Vec­talys and Flash­Cell merge in­to Flash Ther­a­peu­tics, loaded with RNA pipeline and man­u­fac­tur­ing set-up

Pas­cale Bouil­lé (La Tri­bune Toulouse / Bor­deaux, YouTube)

Two gene ther­a­py com­pa­nies in France are merg­ing to cre­ate one ven­ture called Flash Ther­a­peu­tics, com­bin­ing man­u­fac­tur­ing know-how with a pipeline of RNA drug prospects.

The merg­er is be­tween Vec­talys, a Toulouse-based mak­er of lentivi­ral vec­tors, and its spin­out start­up Flash­Cell, which launched out of Vec­talys just last year to tack­le RNA car­ri­ers for drug ap­pli­ca­tions.

The CEO of the com­bined com­pa­ny, Pas­cale Bouil­lé, tells me the merg­er part­ly came down to bio­man­u­fac­tur­ing in­dus­tri­al log­ic.

“Man­u­fac­tur­ing ca­pa­bil­i­ty is crit­i­cal to the suc­cess of this new field, so it makes sense to in­te­grate man­u­fac­tur­ing with the ther­a­peu­tics busi­ness and to lever­age our lentivi­ral de­vel­op­ment and man­u­fac­tur­ing ex­per­tise with oth­er in­dus­try play­ers,” Bouil­lé said.

Flash will be tasked with ad­vanc­ing nov­el RNA drugs based on the com­pa­ny’s Lenti­Flash tech­nol­o­gy, a pro­pri­etary lentivi­ral de­liv­ery method. Lentivirus­es, a sub­class of retro­virus­es, are used as vec­tors for gene ther­a­py thanks to their abil­i­ty to in­te­grate in­to the genome of non-di­vid­ing cells. That’s a unique fea­ture, as oth­er retro­virus­es can in­fect on­ly di­vid­ing cells.

Bouil­lé tells me cur­rent lentivi­ral vec­tors are a lead­ing de­liv­ery method for CAR-T and oth­er ge­net­ic dis­eases that re­quire sta­ble, long-term ex­pres­sion. But some next-gen im­munother­a­py (for ex­am­ple, those in­volv­ing cell types be­yond T cells) may need tran­sient ex­pres­sion rather than in­te­gra­tive, long-term ex­pres­sion. En­ter Lenti­Flash, which is “non-in­te­gra­tive,” al­low­ing tran­sient and short-term RNA ex­pres­sion.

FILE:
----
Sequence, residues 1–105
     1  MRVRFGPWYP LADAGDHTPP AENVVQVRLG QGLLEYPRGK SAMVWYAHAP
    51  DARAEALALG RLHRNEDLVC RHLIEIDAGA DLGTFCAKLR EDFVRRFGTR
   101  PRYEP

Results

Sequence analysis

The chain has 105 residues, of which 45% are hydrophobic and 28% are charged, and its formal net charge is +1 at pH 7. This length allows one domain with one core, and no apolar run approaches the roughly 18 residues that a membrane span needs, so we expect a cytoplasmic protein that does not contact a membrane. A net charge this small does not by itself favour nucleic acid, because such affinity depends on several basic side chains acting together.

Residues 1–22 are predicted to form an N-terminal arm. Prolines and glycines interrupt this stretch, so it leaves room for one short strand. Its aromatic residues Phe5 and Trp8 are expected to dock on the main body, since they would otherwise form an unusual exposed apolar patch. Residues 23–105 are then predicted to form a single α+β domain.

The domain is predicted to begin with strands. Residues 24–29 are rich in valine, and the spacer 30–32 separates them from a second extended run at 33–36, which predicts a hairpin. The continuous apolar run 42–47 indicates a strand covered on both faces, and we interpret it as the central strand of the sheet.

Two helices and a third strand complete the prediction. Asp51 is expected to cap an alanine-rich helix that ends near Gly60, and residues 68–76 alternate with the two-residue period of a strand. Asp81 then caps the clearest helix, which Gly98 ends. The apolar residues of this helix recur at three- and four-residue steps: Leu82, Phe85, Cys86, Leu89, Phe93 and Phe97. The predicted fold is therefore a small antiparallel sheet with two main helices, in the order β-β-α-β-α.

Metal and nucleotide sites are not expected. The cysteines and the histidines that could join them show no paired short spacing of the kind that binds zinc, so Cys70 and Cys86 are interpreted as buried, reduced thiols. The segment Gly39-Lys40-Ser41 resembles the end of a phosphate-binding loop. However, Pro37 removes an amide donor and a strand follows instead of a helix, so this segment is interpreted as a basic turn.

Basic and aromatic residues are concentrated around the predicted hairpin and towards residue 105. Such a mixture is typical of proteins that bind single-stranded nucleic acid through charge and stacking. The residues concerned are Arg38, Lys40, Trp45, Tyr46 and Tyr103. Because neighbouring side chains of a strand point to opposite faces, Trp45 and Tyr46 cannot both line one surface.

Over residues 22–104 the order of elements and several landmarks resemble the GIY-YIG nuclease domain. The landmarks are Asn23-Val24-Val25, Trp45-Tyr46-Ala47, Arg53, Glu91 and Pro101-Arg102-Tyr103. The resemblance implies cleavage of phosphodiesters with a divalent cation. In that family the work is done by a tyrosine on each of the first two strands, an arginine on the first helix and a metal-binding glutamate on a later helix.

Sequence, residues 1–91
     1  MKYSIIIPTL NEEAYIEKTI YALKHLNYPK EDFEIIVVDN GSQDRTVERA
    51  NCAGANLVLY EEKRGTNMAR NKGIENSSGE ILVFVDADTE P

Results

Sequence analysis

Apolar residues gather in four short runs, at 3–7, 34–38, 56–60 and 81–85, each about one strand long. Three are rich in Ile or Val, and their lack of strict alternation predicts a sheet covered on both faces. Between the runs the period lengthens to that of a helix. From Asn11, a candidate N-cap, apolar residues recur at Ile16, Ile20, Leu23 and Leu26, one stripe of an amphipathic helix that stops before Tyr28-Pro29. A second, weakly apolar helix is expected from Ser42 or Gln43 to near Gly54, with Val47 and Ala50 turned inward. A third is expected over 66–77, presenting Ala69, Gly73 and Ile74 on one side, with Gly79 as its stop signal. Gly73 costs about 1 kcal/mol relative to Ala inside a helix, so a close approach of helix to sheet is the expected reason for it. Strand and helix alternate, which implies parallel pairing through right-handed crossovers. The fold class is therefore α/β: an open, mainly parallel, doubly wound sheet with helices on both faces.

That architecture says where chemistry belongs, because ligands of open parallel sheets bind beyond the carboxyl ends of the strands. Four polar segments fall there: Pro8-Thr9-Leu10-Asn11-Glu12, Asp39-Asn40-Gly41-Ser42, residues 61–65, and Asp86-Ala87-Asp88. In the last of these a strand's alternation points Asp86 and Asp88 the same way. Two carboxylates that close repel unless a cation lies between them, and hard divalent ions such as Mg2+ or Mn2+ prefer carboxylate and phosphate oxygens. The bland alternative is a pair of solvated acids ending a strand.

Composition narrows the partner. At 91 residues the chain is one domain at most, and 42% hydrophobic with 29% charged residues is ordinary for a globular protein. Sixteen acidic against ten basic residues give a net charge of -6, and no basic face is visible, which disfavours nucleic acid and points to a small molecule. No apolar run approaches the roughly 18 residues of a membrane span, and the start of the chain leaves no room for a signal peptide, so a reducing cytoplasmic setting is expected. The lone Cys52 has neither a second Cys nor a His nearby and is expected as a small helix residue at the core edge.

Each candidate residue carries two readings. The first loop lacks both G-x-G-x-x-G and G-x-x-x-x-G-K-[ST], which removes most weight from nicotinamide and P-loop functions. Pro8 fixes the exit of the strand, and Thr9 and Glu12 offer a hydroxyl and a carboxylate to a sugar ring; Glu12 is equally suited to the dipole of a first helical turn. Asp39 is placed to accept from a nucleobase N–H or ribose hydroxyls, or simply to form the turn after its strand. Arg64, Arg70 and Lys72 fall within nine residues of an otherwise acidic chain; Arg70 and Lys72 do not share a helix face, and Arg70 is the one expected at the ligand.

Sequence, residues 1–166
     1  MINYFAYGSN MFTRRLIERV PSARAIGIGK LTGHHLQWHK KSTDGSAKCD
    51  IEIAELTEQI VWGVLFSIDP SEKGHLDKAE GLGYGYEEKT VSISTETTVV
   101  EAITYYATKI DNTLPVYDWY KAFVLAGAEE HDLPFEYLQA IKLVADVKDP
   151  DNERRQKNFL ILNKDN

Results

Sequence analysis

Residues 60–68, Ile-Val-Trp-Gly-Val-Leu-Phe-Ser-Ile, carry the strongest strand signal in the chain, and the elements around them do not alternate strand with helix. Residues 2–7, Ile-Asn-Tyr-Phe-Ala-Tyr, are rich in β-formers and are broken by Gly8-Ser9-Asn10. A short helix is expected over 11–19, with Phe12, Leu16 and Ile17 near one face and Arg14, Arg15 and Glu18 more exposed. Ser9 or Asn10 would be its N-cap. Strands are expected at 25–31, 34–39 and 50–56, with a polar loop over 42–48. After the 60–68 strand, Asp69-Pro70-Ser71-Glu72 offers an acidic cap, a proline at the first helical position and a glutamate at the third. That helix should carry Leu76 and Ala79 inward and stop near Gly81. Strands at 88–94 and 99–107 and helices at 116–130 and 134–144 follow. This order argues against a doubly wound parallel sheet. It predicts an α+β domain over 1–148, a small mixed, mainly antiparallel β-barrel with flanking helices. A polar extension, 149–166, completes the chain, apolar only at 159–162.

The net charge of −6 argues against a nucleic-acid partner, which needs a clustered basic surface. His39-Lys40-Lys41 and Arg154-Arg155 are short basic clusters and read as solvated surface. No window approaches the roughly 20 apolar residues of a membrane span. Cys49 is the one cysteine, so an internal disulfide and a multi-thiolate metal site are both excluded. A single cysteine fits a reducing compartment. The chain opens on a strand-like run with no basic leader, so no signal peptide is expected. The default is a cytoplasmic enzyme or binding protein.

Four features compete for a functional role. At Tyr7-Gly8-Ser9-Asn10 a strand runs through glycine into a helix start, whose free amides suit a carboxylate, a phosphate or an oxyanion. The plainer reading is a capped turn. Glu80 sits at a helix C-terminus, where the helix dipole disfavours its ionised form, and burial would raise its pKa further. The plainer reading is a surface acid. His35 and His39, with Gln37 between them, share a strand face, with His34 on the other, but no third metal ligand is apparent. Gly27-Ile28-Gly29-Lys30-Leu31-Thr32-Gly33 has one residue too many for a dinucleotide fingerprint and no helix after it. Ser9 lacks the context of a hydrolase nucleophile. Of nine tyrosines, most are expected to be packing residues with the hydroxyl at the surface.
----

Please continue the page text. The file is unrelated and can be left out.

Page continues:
Flash Ther­a­peu­tics will take on the dis­cov­ery and de­vel­op­ment of “stand­alone pro­grams in the ar­eas of liv­er and blood dis­ease” that were based on Lenti­Flash and cul­ti­vat­ed at Flash­Cell over the past year.

The com­pa­ny’s lentivi­ral de­vel­op­ment and pro­duc­tion busi­ness, which will con­tin­ue to op­er­ate un­der the Vec­talys man­u­fac­tur­ing plat­form name, will ex­pand as part of Flash Ther­a­peu­tics to in­clude GMP man­u­fac­tur­ing ca­pa­bil­i­ties. The GMP fa­cil­i­ty, which is ex­pect­ed to be­come ful­ly op­er­a­tional in 2019, is be­ing es­tab­lished through a re­cent­ly signed, three-year part­ner­ship with Hos­pi­tal Saint-Louis, Lari­boisière, Fer­nand Vi­dal to de­vel­op and pro­duce gene and cell ther­a­py drugs.

Dan O'Day, Gilead CEO (Andrew Harnik, AP Images)

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Hotly rumored for weeks, the 2 players have formalized a 10-year alliance that starts with rights to the PD-1, zimberelimab. O’Day also has first dibs on TIGIT and 2 other leading programs, agreeing to an opt-in fee ranging from $200 million to $275 million on each. There’s $500 million in potential TIGIT milestones on US regulatory events — likely capped by an approval — if Gilead partners on it and the stars align on the data. And there’s another $150 million opt-in payments for the rest of the Arcus pipeline.

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Sanofi brings in 4 new ex­ec­u­tives in con­tin­ued shake-up, as vac­cines and con­sumer health chief head out the door

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The company also said today that Alan Main, the head of their consumer healthcare unit, is out, and they named 4 executives to fill new or newly vacated positions, 3 of whom come from both outside both Sanofi and from Pharma.

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As­traZeneca trum­pets the 'mo­men­tous' da­ta they found for Tagris­so in an ad­ju­vant set­ting for NSCLC — but many of the ex­perts aren’t cheer­ing along

AstraZeneca is rolling out the big guns this evening to provide a salute to their ADAURA data on Tagrisso at ASCO.